Vaccines, ideology and Britain on the world stage

By Simon Gentry The vaccination programme is progressing well (in England and Northern Ireland anyway) with over four and a quarter million vaccinated as of today and it increasingly looking like the target of 14 million by mid-February will be reached.  With new vaccination centres being added every day, the Westminster government is pleased with…

The Prime Minister may be in a better place than many think

By Simon Gentry On Sunday morning the Prime Minister appears on television and tells the nation that the schools must stay open, that the damage to children caused by closing them is too great.  On Monday evening, less than 36 hours later, he addresses the country and announces that schools must close. Over the weekend…

The year of impossible choices

By Simon Gentry It all started so well.  A natural star, charismatic, good looking (in his own way), a man the public could relate to, had landed the role that many thought he was born to play.  A whopping Parliamentary majority with a clear mandate to deliver the UK’s exit from the EU and to…

Beware of the trolls

By Anthony Hughes Last week we highlighted some of the ethical and reputational challenges that face companies around the rollout of the various vaccines for Covid-19. If those weren’t complicated enough, widespread disinformation campaigns are making the politics of ‘the vaccine’ even more complicated. In recent years most people have become increasingly aware of a…

In the bleak midwinter…

By Simon Gentry Cities, counties and nations locked down, mortality numbers rising daily, nearly a million newly unemployed, short days and long cold nights.  The least we could be allowed is some time with the people we love most.  And yet if we do the virus will overwhelm the NHS and many, many more of…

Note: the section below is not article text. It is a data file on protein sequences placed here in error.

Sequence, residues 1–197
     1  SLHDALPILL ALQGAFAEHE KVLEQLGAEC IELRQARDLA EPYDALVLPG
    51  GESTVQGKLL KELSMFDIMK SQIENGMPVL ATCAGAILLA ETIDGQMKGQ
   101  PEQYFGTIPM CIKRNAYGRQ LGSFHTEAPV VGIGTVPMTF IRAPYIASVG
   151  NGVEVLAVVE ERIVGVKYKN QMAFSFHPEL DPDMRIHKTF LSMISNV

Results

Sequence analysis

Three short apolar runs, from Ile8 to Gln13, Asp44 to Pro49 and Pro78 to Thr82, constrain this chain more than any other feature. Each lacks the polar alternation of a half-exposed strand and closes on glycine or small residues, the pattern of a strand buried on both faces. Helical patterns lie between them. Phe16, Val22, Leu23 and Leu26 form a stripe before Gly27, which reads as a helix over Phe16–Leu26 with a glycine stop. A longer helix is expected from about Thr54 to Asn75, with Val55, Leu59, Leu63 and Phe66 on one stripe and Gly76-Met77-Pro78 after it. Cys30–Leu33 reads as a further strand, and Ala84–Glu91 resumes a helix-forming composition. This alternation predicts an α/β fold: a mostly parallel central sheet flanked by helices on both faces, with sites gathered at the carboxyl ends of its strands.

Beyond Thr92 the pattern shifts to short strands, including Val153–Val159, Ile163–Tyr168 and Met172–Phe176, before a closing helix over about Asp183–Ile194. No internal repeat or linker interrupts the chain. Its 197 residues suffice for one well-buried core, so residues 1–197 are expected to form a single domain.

The ethical and reputational minefield of ‘the Vaccine’

By Anthony Hughes Last week we received the news that the UK’s regulator was the first in the world to approve Pfizer’s vaccine for general use. Aside from the fact, that this might be the beginning of the end of the coronavirus scourge, it was politically advantageous for the government with the possibility of a…

Lockdown for London?

By Tim Le Couilliard A few weeks ago, I wrote a blog on the “great unlocking of the lockdown,” but caveated that it was not quite the mass national liberation that we’d all hoped for. Three weeks on, I am quite glad put in that caveat: it appears that we are likely to see the…

V-day has arrived

By Simon Gentry Margaret Keenan was up early this morning to receive the first dose of the Pfizer vaccine against Covid-19 outside of a research setting.  Thousands and then millions of us will follow in the next few months.   The event caused the Secretary of State for Health, Matt Hancock MP, to break down in…

Mass-immunisation is a battle for hearts and minds

By Andrew Adie Today the first of 357 million doses of vaccine, as ordered by the UK government, have started making their way into the veins of the first priority recipients, with 90-year-old Margaret Keenan being patient number one in this mass-immunisation programme.  After a torrid year which has seen more than 60,000 people lose…